Module 5: Internal solid wall insulation
1. Comfort, sound insulation and resilience
3. Pitched roof insulation
4. Flat roof insulation
5. Internal solid wall insulation
6. External solid wall insulation
7. Timber framed wall insulation
8. Suspended floor insulation
9. Air tightness and the use of tapes
10. Use of vapour control membranes
11. Maintenance and design
12. Choosing the right systems
If you’re working on a building project and need help specifying your materials, checkout the following.
When insulating solid walls it is not always possible to apply external insulation as there can be restrictions with access, altering the visual appearance of the external facade, such as listed building or conservation area restrictions, or issues with neighbouring properties and the depth of insulation required. Therefore, internal insulation is the alternative solution.
This can be a cheaper way to insulate as there are less components required and as they do not need to be weather tight, they tend to be cheaper. Insulating internally can be a good way to improve or renovate internal finishes on external walls and provides a marked increase in thermal comfort almost instantly.
However, internal insulation can pose a risk to the fabric of the building if the wrong materials are used or if applied incorrectly. Typically, during the winter months there is a flow of moisture vapour from the interior towards the exterior. This vapour condenses when it meets masonry that is cool enough and will begin to accumulate. If this process occurs around timber window frames or joist or beam ends then moisture accumulation leads to rot. It is therefore important to use materials, such as wet processed wood fibre insulation, capable of dispersing moisture to ensure that any embedded timber remains dry.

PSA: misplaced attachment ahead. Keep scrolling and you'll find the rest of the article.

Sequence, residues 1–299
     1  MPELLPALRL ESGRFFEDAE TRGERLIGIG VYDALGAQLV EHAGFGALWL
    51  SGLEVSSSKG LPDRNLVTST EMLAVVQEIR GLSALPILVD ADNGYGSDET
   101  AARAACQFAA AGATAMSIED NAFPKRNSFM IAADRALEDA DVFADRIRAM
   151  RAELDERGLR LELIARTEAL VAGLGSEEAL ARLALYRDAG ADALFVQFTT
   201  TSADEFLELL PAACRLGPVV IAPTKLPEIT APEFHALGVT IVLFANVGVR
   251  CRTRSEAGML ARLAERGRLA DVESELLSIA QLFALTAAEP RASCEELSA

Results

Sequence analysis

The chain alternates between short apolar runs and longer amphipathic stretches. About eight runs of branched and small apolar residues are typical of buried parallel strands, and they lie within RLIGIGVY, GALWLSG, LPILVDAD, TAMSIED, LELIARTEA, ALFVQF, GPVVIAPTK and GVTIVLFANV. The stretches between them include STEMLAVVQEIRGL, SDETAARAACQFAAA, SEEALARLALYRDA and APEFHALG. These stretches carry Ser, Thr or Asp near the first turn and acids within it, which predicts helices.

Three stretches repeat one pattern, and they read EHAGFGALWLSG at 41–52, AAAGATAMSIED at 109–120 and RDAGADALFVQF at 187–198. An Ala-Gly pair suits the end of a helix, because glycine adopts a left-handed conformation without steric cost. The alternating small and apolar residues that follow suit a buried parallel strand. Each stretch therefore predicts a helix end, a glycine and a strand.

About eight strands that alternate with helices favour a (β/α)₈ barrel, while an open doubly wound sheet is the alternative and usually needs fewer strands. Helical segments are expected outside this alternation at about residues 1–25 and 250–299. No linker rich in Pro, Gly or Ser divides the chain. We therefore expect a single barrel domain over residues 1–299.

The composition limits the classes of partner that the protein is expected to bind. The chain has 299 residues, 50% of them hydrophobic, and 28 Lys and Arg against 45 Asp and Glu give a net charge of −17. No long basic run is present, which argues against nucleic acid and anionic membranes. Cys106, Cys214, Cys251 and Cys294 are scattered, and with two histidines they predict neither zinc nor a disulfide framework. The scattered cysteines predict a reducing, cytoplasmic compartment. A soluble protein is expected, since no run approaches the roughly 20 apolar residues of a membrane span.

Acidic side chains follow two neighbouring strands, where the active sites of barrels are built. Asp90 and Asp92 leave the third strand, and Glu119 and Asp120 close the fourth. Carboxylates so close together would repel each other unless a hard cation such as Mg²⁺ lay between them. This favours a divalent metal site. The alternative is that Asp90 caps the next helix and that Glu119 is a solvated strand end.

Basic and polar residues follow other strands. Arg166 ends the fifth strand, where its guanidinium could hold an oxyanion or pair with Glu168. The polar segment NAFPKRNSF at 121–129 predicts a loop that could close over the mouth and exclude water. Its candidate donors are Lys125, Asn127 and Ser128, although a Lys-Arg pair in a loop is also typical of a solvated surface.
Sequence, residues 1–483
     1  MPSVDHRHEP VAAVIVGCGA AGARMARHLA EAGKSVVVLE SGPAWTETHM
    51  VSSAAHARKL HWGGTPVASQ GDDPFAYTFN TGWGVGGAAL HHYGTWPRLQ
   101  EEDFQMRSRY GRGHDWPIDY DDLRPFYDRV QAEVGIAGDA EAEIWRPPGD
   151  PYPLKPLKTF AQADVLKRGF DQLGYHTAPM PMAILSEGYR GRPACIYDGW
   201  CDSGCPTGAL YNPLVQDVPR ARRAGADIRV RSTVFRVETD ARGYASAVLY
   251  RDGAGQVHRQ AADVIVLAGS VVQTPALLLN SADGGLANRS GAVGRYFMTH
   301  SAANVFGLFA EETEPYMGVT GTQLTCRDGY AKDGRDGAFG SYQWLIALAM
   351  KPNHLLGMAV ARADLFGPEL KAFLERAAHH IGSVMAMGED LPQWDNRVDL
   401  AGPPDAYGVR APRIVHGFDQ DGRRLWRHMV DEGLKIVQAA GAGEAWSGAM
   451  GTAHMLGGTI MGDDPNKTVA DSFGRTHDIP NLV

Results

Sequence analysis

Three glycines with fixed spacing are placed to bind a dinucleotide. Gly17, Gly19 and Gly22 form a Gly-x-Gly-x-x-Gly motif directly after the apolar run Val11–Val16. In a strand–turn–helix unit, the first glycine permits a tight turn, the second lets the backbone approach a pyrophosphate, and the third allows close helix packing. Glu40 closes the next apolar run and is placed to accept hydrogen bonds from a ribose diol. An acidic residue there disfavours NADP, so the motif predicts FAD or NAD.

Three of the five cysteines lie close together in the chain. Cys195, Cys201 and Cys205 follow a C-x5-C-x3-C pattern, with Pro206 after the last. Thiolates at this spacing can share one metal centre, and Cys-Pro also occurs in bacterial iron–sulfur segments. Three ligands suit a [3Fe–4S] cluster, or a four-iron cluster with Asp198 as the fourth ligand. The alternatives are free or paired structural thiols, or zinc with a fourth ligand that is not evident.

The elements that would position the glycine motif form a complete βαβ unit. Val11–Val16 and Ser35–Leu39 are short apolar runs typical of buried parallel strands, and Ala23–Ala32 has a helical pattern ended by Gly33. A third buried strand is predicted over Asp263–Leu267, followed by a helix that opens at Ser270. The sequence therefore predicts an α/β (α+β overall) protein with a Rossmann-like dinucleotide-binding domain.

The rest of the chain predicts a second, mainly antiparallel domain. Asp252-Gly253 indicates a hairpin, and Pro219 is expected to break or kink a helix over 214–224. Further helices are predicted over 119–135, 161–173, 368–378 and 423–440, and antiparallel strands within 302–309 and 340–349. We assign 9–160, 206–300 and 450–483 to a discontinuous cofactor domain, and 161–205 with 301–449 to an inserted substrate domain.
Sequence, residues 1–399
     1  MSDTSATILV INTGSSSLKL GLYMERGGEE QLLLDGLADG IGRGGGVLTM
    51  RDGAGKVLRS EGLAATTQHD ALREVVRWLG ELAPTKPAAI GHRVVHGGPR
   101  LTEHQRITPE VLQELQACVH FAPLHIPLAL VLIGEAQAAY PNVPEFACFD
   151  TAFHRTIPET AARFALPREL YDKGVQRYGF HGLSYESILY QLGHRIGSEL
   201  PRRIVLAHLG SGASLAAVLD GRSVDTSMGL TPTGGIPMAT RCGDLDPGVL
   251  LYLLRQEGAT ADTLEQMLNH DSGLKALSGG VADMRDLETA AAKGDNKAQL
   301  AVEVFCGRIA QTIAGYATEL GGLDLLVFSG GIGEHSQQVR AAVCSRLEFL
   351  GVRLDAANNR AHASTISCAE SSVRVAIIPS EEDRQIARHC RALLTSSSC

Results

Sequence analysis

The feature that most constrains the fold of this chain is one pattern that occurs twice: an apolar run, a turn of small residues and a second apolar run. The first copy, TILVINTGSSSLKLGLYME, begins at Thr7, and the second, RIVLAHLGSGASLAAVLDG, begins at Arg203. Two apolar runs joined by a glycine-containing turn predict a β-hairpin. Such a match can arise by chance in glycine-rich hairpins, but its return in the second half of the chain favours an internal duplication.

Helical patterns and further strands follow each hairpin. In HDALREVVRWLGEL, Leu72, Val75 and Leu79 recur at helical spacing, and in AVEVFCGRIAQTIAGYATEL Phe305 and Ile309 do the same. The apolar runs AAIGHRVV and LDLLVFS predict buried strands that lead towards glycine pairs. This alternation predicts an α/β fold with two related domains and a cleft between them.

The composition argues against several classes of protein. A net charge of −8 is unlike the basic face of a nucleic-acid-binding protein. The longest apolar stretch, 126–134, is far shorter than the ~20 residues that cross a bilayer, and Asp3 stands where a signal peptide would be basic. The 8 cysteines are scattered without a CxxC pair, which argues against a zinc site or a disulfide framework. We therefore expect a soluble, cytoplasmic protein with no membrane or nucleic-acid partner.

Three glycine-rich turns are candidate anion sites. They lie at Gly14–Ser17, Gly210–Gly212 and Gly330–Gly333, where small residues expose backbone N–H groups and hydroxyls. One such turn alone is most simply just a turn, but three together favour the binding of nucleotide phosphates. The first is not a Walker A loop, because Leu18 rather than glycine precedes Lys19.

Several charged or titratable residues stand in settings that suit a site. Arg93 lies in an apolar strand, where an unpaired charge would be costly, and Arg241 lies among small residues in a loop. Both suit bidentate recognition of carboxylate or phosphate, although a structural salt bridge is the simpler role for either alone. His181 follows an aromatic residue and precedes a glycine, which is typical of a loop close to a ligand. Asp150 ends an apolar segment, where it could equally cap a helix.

Using impervious insulation materials might seem to be the answer but they cannot prevent the flow of moisture through the timbers themselves or breaks around partition walls or services, causing moisture to accumulate in the wall. This accelerates the rotting process so whenever timber is present and the substrate contains materials that are porous, vapour permeable systems with good levels of capillarity (ability to move moisture around) such as wood fibre insulation should always be used.
Internal insulation also increases the reliance on the external finishes keeping driving rain out of the walls. The lower heat flow through it reduces it’s ability to dry. Therefore it is important to use only systems designed for internal use and to detail them carefully. Computer modelling, using software such as WUFI, can also give some reassurance that the proposed measures will work as required.
Finally, with all internal insulation it is very important to ensure that there are no gaps between the insulation boards and the wall being insulated. Gaps allow mould to grow in the voids which, if connected to lots of other voids, allows mould to spread behind the whole insulation layer and release spores in to the internal environment. Mould spores are very bad for the health of the occupants, the longevity of the building and the insulation itself so ensuring no voids are present behind the insulation boards is an important part of the installation.
5.2 Assessment of the structure
First an assessment of the structure should be made to determine whether insulation should be applied. Generally in the UK our prevailing weather comes from the West and so any walls with a westerly aspect should be checked carefully. If the external wall surface is rendered or clad, this should be in good order and there should be no cracks or leaks in it.